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U.N. report accuses North Korea of supplying Syria’s chemical weapons program

Syrian children and adults receive treatment for a suspected chemical attack at a makeshift clinic in the rebel-held village of al-Shifuniyah in the Eastern Ghouta region on Sunday. A child died and at least 13 other people suffered breathing difficulties after a suspected chemical attack on the besieged Syrian rebel enclave, a medic and a monitor said. (Hamza Al-Ajweh/AFP/Getty Images)

A United Nations report has accused Kim Jong Un’s North Korean regime of supplying the Syrian government with the components needed to make chemical weapons.

The components were part of “at least 40 previously unreported shipments by North Korea to Syria between 2012 and 2017 of prohibited ballistic missile parts and materials that could be used for both military and civilian purposes,” according to the report in The New York Times.

The U.N. report has not been released to the public, but the Times was allowed to see it.

The New York Times added that “[t]he supplies from North Korea include acid-resistant tiles, valves and thermometers.” The piece also stated that “North Korean missile technicians have also been spotted working at known chemical weapons and missile facilities inside Syria, according to the report, which was written by a panel of experts who looked at North Korea’s compliance with United Nations sanctions.”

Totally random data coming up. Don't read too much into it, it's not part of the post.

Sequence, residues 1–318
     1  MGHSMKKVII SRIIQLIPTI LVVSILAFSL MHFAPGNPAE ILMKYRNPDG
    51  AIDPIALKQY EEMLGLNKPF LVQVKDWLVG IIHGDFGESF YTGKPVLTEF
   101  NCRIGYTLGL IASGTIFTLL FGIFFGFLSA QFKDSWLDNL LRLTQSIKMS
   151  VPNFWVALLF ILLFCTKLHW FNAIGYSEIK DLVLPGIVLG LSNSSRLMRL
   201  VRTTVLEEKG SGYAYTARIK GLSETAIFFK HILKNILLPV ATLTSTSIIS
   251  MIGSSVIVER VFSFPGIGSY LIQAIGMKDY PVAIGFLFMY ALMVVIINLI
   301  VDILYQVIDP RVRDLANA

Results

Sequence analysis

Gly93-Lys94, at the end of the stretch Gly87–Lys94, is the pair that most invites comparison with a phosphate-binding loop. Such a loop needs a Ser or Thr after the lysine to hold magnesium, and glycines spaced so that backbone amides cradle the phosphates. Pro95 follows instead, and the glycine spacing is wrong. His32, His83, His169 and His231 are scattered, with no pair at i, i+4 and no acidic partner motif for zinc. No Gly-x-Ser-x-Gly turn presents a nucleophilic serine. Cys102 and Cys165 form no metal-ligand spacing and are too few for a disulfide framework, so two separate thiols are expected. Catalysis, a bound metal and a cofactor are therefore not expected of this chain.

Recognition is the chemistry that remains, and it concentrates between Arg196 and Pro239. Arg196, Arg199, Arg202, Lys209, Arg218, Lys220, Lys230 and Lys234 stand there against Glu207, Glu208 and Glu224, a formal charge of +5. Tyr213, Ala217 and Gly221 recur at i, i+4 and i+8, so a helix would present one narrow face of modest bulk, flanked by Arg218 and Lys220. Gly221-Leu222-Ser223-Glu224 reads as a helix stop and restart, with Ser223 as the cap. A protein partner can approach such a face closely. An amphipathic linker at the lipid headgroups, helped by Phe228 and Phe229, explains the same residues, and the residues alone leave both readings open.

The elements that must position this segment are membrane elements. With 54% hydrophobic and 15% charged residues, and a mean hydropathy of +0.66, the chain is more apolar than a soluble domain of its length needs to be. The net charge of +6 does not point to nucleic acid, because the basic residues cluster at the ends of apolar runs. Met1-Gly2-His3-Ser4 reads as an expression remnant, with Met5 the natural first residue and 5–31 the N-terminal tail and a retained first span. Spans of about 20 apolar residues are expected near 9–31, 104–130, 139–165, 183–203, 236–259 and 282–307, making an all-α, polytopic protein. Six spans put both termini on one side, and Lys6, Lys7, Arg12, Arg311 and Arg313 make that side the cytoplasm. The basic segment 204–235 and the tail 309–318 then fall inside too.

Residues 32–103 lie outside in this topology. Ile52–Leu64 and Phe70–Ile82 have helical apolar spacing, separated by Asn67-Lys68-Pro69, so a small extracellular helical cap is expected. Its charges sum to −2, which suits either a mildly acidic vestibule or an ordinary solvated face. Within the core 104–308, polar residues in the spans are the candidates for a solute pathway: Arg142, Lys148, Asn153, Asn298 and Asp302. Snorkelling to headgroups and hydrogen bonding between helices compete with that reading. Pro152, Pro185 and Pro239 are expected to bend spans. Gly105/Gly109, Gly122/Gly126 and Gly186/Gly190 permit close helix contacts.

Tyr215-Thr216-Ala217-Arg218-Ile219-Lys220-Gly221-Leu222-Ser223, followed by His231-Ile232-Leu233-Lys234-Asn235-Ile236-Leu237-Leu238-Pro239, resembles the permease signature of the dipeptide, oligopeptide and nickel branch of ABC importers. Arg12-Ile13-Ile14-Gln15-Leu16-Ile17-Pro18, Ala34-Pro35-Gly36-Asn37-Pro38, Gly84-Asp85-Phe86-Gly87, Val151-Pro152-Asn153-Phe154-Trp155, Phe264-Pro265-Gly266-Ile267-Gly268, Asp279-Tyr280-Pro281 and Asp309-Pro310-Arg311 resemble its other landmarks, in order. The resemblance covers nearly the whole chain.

This repeated shipment of material for weapons is especially troubling since both North Korea and Syria are heavily sanctioned, and the U.S., U.S. Allies and the United Nations have all been surveilling the two countries for years.

This new information builds on an August 2017 report by the United Nations, which announced that U.N. member states had intercepted two shipments from North Korea to the Syrian government’s chemical weapons program.

Syrian President Bashar al-Assad has been condemned by the international community in the past for using chemical weapons, including the nerve agent sarin gas, on his own people in an effort to quash an ongoing rebellion.

As recently as last week, Reuters report that several people in the Damascus suburb of Ghouta were suffering from “symptoms consistent with chorine gas exposure.” It’s not clear from the report whether the United Nations suspects that North Korean components were used to carry out these specific attacks.

In 2013, after an earlier sarin gas attack on Ghouta that was reported to have killed 1,400, Assad publicly agreed to destroy his chemical weapons. But, according to the timeline from this United Nations report, this promise would have come toward the beginning of at least this portion of the chemical weapons components trade relationship with North Korea.

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